Stickers, Post-Its, and Charts: unexpected tools to success
April 26, 2011 § 5 Comments
I believe in order to be a successful writer, you must have a system in place. Perhaps it’s a favorite coffee shop, or specific drink ordered there. Maybe it’s that one playlist that unlocks your creativity. Or maybe it’s your own obsession with planning.
Whatever your preferred system, that system requires tools. And my tools are all about the plan.
I have already mentioned one of my favorite new tools for keeping track of all those to-do lists in order to maintain motivation as well as to avoid double-booking responsibilities. iProcrastinate has been one of those apps that just really gets me going. It makes me utterly happy and excited to check those little “complete” boxes and see the required to-do items begin to diminish.
In addition to that awesome app, I have been using another set of tools to sort of “trick” myself into believing that not only is writing fun but it’s also something worthwhile. (I know, I know, the sarcasm is palpable.) V has voluntarily come along with me on this crazy ride, and as writing buddies, we have responded to each other’s needs by developing useful writing aids.
Behold! Our tools for dissertation success:
It may not look particularly fancy to you, but allow me to explain.
Have you ever watched a college football game and ever wondered why those boys have stickers lining their helmets? No, silly as it may look, the boys aren’t exploring their six-year-old-girlie-sides. The stickers mean something. Sometimes they mean success on the field or in academics (…more often than not they mean field success…), and often the football players can rattle off the meaning behind each individual sticker. Robert is the one who sparked this little idea. He recommended that we do something where we could collect success stickers and feel pride and motivation. My clipboard, although not particularly photogenic, is gorgeous with butterfly stickers representing pages completed and metallic floral stickers representing major goals accomplished (like submitting the fellowship materials and e-mailing drafts to my committee chair). V has adorable paw prints for her pages-written accomplishments (because she and her husband have three awesome dogs), and beautiful gold metallic bird stickers for major dissertation goals met (because she loves birds and was once the loving owner of a darling pair).
Every Friday, during our weekly dissertation meeting and “therapy” session (oh the therapeutic powers of raspberry Chai…), we tally up the goals we’ve accomplished and pages written. Each time we write ten pages, we get a new sticker (butterflies for me, paw prints for V). Each time we accomplish a major goal, we get a fancy sticker (flowers for me, birds for V). The placement and design of these stickers is entirely up to us, and we do have in mind the specific location for the dissertation defense sticker. Hey, it’s good to have a goal, right?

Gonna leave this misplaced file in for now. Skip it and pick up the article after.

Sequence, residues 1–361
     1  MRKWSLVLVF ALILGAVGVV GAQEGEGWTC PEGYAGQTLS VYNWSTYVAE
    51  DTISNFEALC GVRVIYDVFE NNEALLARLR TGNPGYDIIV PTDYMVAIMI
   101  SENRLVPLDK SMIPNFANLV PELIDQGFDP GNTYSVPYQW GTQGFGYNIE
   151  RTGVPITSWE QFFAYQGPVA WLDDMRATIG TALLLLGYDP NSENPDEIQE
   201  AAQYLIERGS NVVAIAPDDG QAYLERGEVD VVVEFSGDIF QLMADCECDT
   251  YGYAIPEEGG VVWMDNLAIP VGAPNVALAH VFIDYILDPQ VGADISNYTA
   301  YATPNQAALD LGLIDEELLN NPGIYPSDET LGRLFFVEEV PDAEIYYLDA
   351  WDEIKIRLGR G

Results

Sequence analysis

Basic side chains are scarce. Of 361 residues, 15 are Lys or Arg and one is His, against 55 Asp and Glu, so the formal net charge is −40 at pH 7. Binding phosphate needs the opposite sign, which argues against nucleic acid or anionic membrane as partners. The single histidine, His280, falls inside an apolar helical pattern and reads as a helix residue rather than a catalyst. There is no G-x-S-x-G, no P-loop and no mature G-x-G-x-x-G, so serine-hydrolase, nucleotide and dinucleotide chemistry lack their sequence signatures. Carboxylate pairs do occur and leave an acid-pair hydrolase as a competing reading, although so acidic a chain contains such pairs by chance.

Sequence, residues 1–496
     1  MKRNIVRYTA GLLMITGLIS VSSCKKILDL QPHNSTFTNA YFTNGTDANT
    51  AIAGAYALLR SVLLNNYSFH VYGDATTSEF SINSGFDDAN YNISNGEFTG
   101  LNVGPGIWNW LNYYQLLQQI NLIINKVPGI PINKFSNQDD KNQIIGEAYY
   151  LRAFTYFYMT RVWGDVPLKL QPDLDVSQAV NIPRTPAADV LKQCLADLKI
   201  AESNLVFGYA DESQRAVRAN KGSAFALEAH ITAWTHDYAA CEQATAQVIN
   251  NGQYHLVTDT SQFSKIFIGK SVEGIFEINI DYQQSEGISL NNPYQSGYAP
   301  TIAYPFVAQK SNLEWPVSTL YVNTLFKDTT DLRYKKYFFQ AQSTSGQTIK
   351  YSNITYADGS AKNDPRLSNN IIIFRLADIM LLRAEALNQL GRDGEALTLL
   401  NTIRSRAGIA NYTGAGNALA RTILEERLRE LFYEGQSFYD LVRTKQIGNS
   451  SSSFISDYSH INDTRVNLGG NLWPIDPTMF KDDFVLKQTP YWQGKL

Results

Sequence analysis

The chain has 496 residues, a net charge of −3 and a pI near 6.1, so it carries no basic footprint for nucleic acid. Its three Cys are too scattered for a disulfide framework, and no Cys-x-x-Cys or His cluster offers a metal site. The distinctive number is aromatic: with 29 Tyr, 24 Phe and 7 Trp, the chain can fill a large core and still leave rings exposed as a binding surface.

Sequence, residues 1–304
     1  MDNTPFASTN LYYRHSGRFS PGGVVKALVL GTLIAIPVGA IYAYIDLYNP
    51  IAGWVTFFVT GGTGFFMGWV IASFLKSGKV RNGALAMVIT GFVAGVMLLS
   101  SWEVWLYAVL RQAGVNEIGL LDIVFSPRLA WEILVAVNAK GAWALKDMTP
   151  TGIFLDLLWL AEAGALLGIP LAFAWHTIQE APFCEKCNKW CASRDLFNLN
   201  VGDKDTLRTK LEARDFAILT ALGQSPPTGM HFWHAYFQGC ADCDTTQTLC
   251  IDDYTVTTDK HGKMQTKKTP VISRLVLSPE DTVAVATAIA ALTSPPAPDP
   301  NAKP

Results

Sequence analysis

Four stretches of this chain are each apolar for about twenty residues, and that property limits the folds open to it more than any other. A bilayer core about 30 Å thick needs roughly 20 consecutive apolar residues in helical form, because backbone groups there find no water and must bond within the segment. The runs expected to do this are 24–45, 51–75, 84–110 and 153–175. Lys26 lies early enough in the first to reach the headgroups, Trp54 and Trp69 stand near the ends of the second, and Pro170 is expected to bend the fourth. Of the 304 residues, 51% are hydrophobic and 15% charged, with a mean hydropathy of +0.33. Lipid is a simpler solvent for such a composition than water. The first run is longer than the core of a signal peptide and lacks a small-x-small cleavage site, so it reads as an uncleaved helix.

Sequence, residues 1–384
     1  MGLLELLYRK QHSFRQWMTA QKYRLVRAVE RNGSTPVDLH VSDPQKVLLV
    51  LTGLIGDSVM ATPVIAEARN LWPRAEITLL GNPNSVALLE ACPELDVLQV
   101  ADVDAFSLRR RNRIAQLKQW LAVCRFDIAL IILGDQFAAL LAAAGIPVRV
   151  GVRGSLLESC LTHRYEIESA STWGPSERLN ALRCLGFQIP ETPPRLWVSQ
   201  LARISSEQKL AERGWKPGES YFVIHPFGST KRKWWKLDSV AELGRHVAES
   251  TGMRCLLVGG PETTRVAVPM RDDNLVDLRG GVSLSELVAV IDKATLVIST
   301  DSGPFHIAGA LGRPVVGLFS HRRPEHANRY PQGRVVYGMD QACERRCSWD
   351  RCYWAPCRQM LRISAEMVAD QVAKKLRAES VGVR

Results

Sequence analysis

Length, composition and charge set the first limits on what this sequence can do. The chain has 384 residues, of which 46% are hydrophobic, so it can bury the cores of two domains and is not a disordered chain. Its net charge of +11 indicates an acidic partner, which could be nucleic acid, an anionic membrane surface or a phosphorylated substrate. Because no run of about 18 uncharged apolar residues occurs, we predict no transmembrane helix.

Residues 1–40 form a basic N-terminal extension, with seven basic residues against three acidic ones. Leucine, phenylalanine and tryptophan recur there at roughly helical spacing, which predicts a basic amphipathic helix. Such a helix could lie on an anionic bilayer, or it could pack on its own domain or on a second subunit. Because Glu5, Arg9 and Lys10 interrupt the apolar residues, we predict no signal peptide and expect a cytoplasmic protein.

Our Post-It Note Argument.
You’re already familiar with the concept behind this little beauty, so I won’t go into greater detail here. If you need a refresher on the theory behind the Post-It note argument, please feel free to go back and read, “A Post-It Note Argument: a cure for the common ever-expanding diss topic.”
Please note: As far as I know, V has not publicly released her Post-It Note argument. Regardless her reason and my decision to do the opposite, I obviously respect both her privacy and intellectual property. Therefore, I have purposefully smudged-out her dissertation argument past the opening “My dissertation explores the.” Also, I thought I should mention that V’s handwriting is super neat and tidy…my poor smudging skills on Photoshop are what caused the wavy lines. Her original Post-It looks very nice.
The “Honest About Our Time” Chart.
V is actually entirely responsible for the honest-time chart. She suggested that to prepare us for summer vacation (which can either be an embarrassment of riches in terms of undesignated hours or an enticement to laziness), we should keep track of how we utilize our time utterly honestly this week. This is the beginning of my time chart. My goal is to have a slew of mostly pink and orange (dissertation) time charts by the time this entire thing is over.
The Antithesis to Success.
A Beatrice who insists on being exactly where my hands are at all times, which often happens to be the laptop keyboard. This is often my view. Or, rather, the view my laptop camera has of me. 😉 The best way to combat this? Set her down on her favorite chair cushion and convince her she’d much rather be there than around me anyway.
So, these are our tools to writing success.
What are yours?